We were finally on our way again but we were still faced with the problem of an inexperienced driver trying to navigate through the desert sands.  Nevertheless, I was glad to be on the “road” again because it was getting hot in a hurry in the middle of the desert.  However, our good fortune didn’t very last long because about 10-15 minutes later our truck broke down.  The clutch went out!  We were driving through the desert and the driver never told us that his truck recently had clutch problems until after it broke down.  The news was too late because we were now stuck in the full desert without food, water, or a working cell phone.  Thus, we had to be creative in figuring out how we were going to find help, because none of us could get cell phone reception to call back to the mechanic shop in Karima, and we had driven so far away from the main “road” (i.e. the main desert tire tracks) that although we could see at a distance two or three vehicles transporting local people to Karima for supplies, etc.  they could not see us.  It was mid-morning and getting hotter each half hour, and there was no easy solution.  It was probably about 100 degrees, and we did not have any more water.  Actually, the only water we had was the small bottle that I kept with me in case of an emergency.  The lack of planning on this day was obvious.  After about 90 minutes of deciding what to do and trying to repair the truck, one of the local guys from the village got an idea to walk about 1.5 – 2.0 miles to climb the nearby mountain in order to get cell phone reception and call for assistance.  When he took off his shoes and started walking to the mountain in the scorching hot sand, I decided that I would give him the water because he would need it more than anyone else after he returned. 


The clutch broke and our vehicle is stuck in the middle of the desert with no obvious solution.



Here is the mountain about 1.5 miles away, and I zoomed in to get a view of him when we reached the top.


He stayed on top of the mountain until he could reach the repair shop, and then made his way down and back through the hot sand, with periodic rest stops.  By this time the sun was almost at its peak and there was little shade anywhere around the truck.  When he returned, I gave him the little remaining water that I had because of his heroic effort.  But to my surprise, he took only the smallest sip and gave the rest of the water (of all people) to the driver.  I was losing energy at a steady rate but I could only imagine the energy he had to exert to walk miles back and forth to the mountain, and then climb up to the top, so I never thought twice about giving him our last water.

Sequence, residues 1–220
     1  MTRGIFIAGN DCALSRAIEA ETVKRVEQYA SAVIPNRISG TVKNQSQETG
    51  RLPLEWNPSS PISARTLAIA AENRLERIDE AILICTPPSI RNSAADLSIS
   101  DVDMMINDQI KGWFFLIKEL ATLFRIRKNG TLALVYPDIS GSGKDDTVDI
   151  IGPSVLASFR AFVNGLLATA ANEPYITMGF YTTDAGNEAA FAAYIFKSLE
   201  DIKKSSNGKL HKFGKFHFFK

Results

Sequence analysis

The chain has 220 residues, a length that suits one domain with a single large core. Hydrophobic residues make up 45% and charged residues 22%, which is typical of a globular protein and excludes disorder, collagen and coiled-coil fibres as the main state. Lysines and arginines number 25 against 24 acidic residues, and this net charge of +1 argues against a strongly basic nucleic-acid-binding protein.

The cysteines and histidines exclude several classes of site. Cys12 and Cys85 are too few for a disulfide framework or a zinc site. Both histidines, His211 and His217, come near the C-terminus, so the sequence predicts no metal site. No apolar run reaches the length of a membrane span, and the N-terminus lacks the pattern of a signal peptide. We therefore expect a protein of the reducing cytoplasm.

The driver drinking our last bottle of water.  To the left is Sarwat, and to the right is the mountain climber.

However, I could hardly believe what I was seeing, that he barely drank the water and gave the rest to the irresponsible driver.  But it was too hard to focus on this matter, because I was simply trying to conserve energy and keep from getting too hot.  After another couple hours, there was still no sign of help coming our way.  This time the other local guy walked about 2-3 miles each way to an old defunct train station to get water for everyone.  Meanwhile Sarwat, the mountain climber, and the driver decided to walk over and climb the mountain again to make another phone call.  I decided to stay and sit next to the truck and shelter under the little shaded area that was left.  After a while the guy with the water came back with a couple gallons, and the mountain phone calls were successful in that they reached someone in town to describe our situation and general location.  When everyone returned, we still waited a while and again no sign of help coming.  By the time I found a mirror to signal other vehicles passing by, the last vehicle of the day had already made its early morning run.  As we continued to wait for help everyone in our group drank water, except me.  It was now past noon, amazingly hot, and there was no breeze, but the water was a strange and dirty color so I decided not to drink any of it.  I felt that I was better off just trying to conserve energy until we could get help, rather than risk getting sick by drinking the water.  I figured that although my energy was low, I would not be in any serious risk of heat stroke or dehydration until probably the next day.